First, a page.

John Clark – Faces, 1981


Another gem from the ECM catalogue. Brooklyn-born jazz horn player John Clark hasn’t made many records as a bandleader, but has been hugely prolific and has recorded and performed with Miles Davis, Jaco Pastorius, Chick Corea, Frank Sinatra, Aretha Franklin, and Leonard Bernstein, among many others. He’s still a faculty member at Manhattan School of Music.

Faces is disarmingly beautiful in ways that I don’t typically expect to hear from a jazz record (though I’m admittedly a jazz idiot). The cover image feels very apt: in addition to much of this being a very quiet record, it also has a ghostly quality, suggesting faint impressions from a carbon copy done too lightly. That vaporous, trailing-behind sensation is echoed in the generous reverb on both the horn and the electric cello, suggesting watercolors or streaks of neon in street puddles. Despite all these murky descriptors, there’s joy to be found all over it: “Silver Rain, Pt. III” is a nod to steel-drum tropical sunshine, and closer “You Did It, You Did It!” is almost baroque in its exuberance. There are some really nice notes about Faces on ECM Reviews, which, incidentally, is an excellent resource if you’re as daunted as I am by the ECM catalogue. Thank you Gil and Matthew for bringing me here!

CHBB – CH-BB, 1981



Compilation of four self-released cassettes (each with 50 copies made), recorded in 1981 from power duo Chrislo Haas (Liasons Dangereuses, Der Plan, Deutsch Amerikanische Freundschaft) and Beate Bartel (Einstürzende Neubauten, Liaisons Dangereuses, Mania D, I have a major crush). The compilation was released unofficially on vinyl in 1998 and to the best of my knowledge, hasn’t been released since. As it’s a compilation, there’s a lot of range–industrial, noise, bouncing new (no?) wave on closer “Go Go Go!”, and the incredible proto-techno “Neger Brauchen Keine Elektronik,” which I still can’t believe happened in 1981. Gritty and very, very good.

Akiko Yano – Tadaima, 1981

Not for the faint of heart, although I think the cover art should give you a pretty good sense of what you’re in for. Akiko Yano covers a lot of ground here, ranging from bubblegum reggae to pure, high-toned J-pop to the spronky sample relentlessness of new wave contemporaries like Devo, “Little Girls” era Oingo Boingo, and, yep, YMO. The dream team is in full force here: Haruomi Hosono on bass, Yukihiro Takahashi on drums, Ryuichi Sakamoto on synth, programming by Hideki Matsutake (and–bonus round!–Masami Tsuchiya on guitar). In addition to some masterfully psychotic vocals, Akiko Yano is also on piano, marimba, electric piano, production, and arrangement. By this time she had already established herself as a fiercely singular writer, producer, and musician, so it’s all the more exciting to hear her explore even broader musical territory here. Tadaima is best known for tracks like synthetic funk-reggae cupcake “Ashkenazy Who?” and the more unhinged classic “Rose Garden,” where you can hear that signature Sakamoto churn in full effect, but I also love the gleefully gnashing opener “I’m Home” (“Tadaima”) and the strung-out experiment “Iranaimon,” in which Yano speak-sings from far away over a non-melodic collage of synth samples and whirrs that open up more generously with every listen. There’s a lot here for fans of Miharu Koshi. Dense, rewarding, and not for laptop speakers.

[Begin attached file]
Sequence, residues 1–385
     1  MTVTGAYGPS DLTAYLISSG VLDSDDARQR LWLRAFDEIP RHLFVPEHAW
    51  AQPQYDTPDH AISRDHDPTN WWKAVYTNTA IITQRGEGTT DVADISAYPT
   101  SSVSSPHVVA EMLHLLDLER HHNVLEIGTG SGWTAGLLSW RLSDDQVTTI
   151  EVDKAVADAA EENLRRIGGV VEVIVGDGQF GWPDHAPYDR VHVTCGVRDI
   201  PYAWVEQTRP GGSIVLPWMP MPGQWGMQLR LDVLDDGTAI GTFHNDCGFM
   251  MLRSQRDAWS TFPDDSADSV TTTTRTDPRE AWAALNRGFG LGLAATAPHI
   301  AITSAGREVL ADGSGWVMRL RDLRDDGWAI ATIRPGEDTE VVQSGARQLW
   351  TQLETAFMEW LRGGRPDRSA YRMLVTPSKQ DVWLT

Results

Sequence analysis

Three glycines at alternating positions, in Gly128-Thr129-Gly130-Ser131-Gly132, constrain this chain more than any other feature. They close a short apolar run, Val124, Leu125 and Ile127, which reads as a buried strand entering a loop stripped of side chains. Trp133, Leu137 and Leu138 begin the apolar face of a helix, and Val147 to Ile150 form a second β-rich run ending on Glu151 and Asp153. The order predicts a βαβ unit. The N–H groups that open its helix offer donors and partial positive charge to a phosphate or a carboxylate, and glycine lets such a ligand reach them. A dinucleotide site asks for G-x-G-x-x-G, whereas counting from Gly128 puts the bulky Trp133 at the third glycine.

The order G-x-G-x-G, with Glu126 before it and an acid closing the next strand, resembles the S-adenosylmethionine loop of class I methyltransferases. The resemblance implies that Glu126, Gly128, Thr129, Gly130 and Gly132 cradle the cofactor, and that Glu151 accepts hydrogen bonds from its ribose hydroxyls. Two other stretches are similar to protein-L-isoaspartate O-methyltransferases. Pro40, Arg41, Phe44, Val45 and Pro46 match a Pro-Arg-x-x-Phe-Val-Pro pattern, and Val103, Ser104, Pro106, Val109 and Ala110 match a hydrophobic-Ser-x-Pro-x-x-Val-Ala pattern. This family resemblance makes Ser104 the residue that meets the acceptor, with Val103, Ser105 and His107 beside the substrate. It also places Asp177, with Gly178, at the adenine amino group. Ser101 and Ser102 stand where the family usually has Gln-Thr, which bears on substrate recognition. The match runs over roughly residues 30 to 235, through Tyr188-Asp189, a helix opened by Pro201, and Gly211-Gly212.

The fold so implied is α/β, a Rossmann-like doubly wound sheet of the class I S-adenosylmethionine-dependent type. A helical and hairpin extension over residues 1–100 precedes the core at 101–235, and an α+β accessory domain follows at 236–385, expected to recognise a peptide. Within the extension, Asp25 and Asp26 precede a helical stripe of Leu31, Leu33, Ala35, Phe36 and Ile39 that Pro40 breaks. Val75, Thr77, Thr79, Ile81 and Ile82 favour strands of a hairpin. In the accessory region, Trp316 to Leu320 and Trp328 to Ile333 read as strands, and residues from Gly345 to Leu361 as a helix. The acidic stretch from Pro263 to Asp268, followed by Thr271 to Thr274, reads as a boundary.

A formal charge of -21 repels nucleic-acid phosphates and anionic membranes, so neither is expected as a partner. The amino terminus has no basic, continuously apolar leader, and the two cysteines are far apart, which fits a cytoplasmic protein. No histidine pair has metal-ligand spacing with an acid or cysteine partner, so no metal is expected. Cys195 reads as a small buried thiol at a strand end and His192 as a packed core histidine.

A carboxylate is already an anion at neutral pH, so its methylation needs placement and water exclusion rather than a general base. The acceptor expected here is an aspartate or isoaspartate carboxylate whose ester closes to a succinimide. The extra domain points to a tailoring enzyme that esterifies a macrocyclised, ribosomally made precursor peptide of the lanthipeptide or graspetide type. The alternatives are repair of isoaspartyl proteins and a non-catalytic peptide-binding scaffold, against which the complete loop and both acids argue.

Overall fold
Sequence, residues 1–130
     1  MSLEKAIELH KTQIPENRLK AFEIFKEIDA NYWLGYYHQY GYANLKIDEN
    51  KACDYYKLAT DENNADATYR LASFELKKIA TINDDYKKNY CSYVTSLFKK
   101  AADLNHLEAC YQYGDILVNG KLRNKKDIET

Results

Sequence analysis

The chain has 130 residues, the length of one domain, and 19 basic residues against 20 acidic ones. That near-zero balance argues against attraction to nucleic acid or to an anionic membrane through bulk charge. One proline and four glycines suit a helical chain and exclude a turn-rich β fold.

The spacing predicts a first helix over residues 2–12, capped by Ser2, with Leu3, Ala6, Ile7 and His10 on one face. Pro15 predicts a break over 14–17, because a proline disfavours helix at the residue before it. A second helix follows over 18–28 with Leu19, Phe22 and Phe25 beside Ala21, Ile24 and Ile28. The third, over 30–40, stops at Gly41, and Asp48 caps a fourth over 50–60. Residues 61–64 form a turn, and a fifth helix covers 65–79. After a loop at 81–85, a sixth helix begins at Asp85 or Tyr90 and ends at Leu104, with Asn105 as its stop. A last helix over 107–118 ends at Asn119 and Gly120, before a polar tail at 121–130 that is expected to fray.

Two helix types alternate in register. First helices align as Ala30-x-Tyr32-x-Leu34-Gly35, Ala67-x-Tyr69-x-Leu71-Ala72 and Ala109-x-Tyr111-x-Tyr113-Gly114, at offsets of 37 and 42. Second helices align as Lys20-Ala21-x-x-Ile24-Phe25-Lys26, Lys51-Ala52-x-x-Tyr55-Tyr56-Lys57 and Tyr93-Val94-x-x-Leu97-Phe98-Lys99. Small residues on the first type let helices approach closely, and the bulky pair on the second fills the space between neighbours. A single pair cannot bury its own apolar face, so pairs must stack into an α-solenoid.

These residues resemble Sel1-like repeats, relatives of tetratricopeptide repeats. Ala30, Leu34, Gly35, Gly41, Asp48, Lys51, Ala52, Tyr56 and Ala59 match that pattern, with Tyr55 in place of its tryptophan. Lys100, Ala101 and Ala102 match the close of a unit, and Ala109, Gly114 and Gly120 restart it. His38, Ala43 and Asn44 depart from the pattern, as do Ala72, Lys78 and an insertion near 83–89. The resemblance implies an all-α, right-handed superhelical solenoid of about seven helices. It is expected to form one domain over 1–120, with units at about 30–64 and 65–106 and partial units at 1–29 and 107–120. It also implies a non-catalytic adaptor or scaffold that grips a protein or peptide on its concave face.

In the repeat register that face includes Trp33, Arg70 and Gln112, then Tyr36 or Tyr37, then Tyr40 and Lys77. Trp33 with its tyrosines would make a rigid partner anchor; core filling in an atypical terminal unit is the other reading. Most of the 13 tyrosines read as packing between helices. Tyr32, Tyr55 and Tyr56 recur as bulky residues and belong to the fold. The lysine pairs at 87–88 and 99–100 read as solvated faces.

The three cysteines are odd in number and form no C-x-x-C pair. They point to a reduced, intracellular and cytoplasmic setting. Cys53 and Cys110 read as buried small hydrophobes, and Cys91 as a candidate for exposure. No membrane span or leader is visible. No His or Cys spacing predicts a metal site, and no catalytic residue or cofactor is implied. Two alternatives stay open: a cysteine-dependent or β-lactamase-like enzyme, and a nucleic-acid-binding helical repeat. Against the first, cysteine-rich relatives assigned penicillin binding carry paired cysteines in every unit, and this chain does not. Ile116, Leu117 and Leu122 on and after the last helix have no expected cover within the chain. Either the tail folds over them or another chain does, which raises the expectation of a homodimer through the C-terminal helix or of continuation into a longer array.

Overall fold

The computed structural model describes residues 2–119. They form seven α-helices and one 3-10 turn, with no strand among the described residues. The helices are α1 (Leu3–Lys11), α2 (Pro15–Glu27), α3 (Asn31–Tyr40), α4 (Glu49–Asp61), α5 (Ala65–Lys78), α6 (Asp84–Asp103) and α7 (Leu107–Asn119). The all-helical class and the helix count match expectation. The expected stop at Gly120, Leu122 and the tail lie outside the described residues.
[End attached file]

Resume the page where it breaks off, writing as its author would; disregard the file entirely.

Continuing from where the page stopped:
Roedelius – Wenn Der Südwind Weht, 1981

Hard to pick a favorite release from Hans-Joachim Roedelius, who’s contributed to 92 different releases, according to Discogs. Though most famous for co-founding Cluster and Harmonia, he’s been even more prolific as a solo artist. Wenn der Südwind Weht (“When the South Wind Blows”) was his seventh solo release, though he followed it up with a casual 35 more full-lengths, most of which I still haven’t heard. Of his earlier releases, this is both my favorite and the most exemplary of signature Roedelius. The most remarkable moments are when synthesizer acts as a vessel for his pastoral sensibility, with unabashedly sentimental lines of synthetic oboe, clarinet, organ, and something theremin-like sitting on top of rolling piano chord pulses muffled in golden-warm reverb. The title track, “Veilchenwurzeln,” and “Mein Freund Farouk” are the best instances of this kind of classical miniaturism–they’re what make this record feel like a favorite sweater–but in very German tradition, a handful of the other tracks meander into more shivery, drawn-out synth meditations (and that’s certainly a good thing). Ideal rainy day music.

Joanna Brouk – The Space Between, 1981

My favorite release from the venerable Joann Brouk, considered one of the founders of New Age music, who studied under Terry Riley and Robert Ashley at the Mills College Center for Contemporary Music, and whose work you’re already familiar with if you’ve listened to the worldbuilding I Am The Center compilation.
Streamlined, super minimal, classically inclined ambient that avoids a lot of the ornamentation and explicit emoting of new age. Just chimes, synth, and piano. Leave it on repeat for a few hours.

Penguin Cafe Orchestra – Penguin Cafe Orchestra, 1981